Making & Doing Activating STS through Knowledge Expression and Travel
How ten making & doing projects expand STS scholarship through a focus on knowledge expression and knowledge travel in addition to knowledge production. Making & doing projects expand STS scholarship to include the trajectories of STS knowledge flow beyond the boundaries of the field by acti...
The MIT Press
|Series:||The MIT Press
|Collection:||Directory of Open Access Books - Collection details see MPG.ReNa|
|Summary:||How ten making & doing projects expand STS scholarship through a focus on knowledge expression and knowledge travel in addition to knowledge production. Making & doing projects expand STS scholarship to include the trajectories of STS knowledge flow beyond the boundaries of the field by actively interweaving knowledge expression and travel with knowledge production. In this edited volume, contributors from around the world present and critically assess ten empirical making & doing projects. They recount how their projects advance STS, and describe how they themselves learn from their interlocutors and the settings in which they do and share their STS work. A coda explains how the infrastructures of STS scholarship are broadening to include practices of making & doing.|
Contributors Gary Lee Downey and Teun Zuiderent-Jerak; Yi-Ping Lin and Hsin-Hsing Chen; Dawn Nafus, Michael Guggenheim, Judith Kröll, and Bernd Kräftner; Hernán Thomas, Lucas Becerra, and Paula Juárez; Torben Elgaard Jensen, Andreas Birkbak, Anders Koed Madsen, and Anders Kristian Munk; Max Liboiron, Emily Simmonds, Edward Allen, Emily Wells, Jess Melvin, Alex Zahara, and Charles Mather; Jessica Mesman and Katherine Carroll; Nicholas Shapiro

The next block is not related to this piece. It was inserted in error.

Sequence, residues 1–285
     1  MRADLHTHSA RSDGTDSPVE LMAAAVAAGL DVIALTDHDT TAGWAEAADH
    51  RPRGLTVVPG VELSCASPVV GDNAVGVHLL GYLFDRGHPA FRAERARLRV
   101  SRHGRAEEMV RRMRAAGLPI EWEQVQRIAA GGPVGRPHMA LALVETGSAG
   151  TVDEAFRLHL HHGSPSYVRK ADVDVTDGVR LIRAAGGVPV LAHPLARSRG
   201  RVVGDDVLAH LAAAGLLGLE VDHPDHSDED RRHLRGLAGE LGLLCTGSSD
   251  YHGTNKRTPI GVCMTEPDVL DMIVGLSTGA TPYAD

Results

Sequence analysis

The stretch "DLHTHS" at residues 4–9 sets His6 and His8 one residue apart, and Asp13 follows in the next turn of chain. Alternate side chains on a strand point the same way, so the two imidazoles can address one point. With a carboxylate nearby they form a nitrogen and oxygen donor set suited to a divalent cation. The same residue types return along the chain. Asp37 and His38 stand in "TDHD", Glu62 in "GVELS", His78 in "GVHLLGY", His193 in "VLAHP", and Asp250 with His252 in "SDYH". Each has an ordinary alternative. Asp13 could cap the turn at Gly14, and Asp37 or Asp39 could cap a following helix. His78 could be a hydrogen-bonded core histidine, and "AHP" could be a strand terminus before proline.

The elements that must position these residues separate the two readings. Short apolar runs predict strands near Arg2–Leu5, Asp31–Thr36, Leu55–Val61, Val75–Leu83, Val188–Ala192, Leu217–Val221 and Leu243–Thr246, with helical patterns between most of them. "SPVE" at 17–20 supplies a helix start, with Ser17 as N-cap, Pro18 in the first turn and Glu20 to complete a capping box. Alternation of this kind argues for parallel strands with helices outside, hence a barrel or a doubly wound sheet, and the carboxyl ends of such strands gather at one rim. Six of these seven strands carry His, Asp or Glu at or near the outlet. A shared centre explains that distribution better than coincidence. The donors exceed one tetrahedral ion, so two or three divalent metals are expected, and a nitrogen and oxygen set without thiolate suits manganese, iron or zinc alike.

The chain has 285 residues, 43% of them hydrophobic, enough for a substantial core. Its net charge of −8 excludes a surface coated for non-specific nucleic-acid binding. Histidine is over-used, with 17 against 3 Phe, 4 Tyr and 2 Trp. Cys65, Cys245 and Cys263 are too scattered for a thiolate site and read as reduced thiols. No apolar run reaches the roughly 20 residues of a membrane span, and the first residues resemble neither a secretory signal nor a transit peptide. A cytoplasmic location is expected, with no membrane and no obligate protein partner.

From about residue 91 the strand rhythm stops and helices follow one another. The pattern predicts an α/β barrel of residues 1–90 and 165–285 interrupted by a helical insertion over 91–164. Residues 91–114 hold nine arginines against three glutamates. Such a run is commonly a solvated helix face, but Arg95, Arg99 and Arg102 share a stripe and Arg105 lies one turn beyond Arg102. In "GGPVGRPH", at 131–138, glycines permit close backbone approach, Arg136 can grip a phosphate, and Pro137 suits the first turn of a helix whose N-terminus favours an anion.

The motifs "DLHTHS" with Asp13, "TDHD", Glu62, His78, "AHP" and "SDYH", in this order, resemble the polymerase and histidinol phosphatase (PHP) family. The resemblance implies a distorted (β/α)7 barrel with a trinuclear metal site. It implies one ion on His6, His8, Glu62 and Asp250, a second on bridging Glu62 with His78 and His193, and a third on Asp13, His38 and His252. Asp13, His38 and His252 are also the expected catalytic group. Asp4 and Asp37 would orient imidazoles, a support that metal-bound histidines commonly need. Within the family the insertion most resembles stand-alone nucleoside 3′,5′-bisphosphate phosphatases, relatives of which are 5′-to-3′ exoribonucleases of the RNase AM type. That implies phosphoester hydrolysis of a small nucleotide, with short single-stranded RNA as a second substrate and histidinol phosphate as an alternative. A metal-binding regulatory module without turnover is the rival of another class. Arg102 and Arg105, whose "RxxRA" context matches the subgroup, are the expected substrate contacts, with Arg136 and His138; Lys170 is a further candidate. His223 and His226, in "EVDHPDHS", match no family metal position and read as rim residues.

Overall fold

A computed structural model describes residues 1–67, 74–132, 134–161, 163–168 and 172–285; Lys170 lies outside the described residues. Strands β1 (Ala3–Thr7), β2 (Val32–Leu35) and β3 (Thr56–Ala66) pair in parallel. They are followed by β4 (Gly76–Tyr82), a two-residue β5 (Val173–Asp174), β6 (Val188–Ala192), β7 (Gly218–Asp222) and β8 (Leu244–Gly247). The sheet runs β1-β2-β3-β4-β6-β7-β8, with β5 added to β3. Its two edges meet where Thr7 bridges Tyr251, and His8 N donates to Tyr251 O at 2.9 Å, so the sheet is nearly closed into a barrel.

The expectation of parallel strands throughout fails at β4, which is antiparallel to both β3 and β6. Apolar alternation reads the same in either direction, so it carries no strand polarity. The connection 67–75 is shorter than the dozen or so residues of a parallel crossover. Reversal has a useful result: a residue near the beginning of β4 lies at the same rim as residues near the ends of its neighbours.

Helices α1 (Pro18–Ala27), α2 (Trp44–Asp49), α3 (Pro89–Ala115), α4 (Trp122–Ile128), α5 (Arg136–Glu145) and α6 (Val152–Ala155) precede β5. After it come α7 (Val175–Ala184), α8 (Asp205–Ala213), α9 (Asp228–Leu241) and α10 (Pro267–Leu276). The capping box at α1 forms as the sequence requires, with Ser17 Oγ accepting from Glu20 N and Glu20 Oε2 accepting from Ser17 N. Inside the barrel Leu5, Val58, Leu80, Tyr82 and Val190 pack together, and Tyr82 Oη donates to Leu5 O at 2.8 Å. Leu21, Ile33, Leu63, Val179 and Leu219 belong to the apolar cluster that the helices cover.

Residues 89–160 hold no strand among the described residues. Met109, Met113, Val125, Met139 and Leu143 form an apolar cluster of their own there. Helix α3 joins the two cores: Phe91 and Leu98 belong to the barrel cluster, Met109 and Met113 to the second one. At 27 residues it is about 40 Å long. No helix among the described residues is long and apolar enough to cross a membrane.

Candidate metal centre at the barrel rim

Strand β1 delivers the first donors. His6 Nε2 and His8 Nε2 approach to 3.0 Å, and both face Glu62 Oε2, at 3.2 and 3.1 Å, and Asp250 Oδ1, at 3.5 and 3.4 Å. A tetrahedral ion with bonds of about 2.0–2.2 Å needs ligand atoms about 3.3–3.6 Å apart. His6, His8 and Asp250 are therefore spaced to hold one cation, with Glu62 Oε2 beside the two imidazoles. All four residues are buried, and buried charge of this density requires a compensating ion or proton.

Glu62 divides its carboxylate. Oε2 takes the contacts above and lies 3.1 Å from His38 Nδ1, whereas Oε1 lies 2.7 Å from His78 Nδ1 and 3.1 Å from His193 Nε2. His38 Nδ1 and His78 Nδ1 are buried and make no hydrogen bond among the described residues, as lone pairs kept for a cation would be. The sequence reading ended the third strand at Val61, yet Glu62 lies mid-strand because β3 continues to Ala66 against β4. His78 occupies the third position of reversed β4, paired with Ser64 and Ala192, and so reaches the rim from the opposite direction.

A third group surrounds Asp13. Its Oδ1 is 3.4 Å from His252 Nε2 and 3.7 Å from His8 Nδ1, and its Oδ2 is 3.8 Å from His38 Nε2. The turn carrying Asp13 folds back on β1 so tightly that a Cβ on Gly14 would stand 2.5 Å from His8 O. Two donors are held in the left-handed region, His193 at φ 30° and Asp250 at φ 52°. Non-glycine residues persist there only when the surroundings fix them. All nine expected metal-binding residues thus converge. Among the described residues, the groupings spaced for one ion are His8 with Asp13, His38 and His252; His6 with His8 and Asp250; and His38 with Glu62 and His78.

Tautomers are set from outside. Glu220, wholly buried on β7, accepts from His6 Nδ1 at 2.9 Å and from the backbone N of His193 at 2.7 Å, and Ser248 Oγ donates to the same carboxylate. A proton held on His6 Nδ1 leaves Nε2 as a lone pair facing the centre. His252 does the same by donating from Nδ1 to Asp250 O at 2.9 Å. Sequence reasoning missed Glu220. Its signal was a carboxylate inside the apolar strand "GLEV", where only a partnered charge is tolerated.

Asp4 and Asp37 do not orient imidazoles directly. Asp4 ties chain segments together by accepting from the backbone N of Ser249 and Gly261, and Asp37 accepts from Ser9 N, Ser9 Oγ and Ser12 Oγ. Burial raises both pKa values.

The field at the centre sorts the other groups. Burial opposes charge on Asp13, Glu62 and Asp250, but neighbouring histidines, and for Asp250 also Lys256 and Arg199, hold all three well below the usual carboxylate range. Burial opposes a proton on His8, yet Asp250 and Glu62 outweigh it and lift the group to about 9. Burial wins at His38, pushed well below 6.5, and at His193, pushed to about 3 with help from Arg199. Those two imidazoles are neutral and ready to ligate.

The contributors examine and reflect upon their dilemmas, frustrations, and failures, especially when these generate new practices that might not have occurred had their work not taken the form of making and doing scholarship. While each project raises a distinct set of scholarly issues, all of the projects include practices that express STS knowledge through “STS sensibilities” and attach those sensibilities to practices in empirical fields. The projects include one each in Argentina, Taiwan, Canada, and Denmark; two in the US; one in Austria, the UK, and multiple countries in Africa and Asia; one in the US and Latin America; one in the Netherlands and Australia; and one in an international network that includes members from Europe, the Americas, and Australia.
|Item Description:||Creative Commons (cc), by-nc-nd/4.0, http://creativecommons.org/licenses/by-nc-nd/4.0|
|Physical Description:||1 electronic resource (284 p.)|